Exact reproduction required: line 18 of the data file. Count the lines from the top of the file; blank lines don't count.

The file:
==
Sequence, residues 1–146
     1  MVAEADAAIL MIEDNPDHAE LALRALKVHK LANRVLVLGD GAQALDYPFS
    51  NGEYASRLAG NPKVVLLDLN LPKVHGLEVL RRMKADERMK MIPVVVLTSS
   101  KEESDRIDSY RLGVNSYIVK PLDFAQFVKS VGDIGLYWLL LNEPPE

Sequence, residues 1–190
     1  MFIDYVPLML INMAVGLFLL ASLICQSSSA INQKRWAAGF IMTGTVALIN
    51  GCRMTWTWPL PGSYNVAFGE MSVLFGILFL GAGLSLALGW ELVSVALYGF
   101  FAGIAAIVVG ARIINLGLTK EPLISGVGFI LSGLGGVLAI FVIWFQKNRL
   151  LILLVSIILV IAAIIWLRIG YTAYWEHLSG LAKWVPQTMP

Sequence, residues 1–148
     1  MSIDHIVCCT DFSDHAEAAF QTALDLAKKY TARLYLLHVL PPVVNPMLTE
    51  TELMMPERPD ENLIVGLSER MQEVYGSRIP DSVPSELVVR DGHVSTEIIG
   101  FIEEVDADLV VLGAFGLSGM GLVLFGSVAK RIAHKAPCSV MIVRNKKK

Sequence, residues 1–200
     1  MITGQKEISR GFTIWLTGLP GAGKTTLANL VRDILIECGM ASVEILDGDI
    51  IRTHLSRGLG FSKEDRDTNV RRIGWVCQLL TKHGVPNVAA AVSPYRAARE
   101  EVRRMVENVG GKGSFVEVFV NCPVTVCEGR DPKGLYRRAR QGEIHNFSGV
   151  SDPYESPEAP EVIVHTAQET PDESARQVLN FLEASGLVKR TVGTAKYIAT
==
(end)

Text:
   151  SDPYESPEAP EVIVHTAQET PDESARQVLN FLEASGLVKR TVGTAKYIAT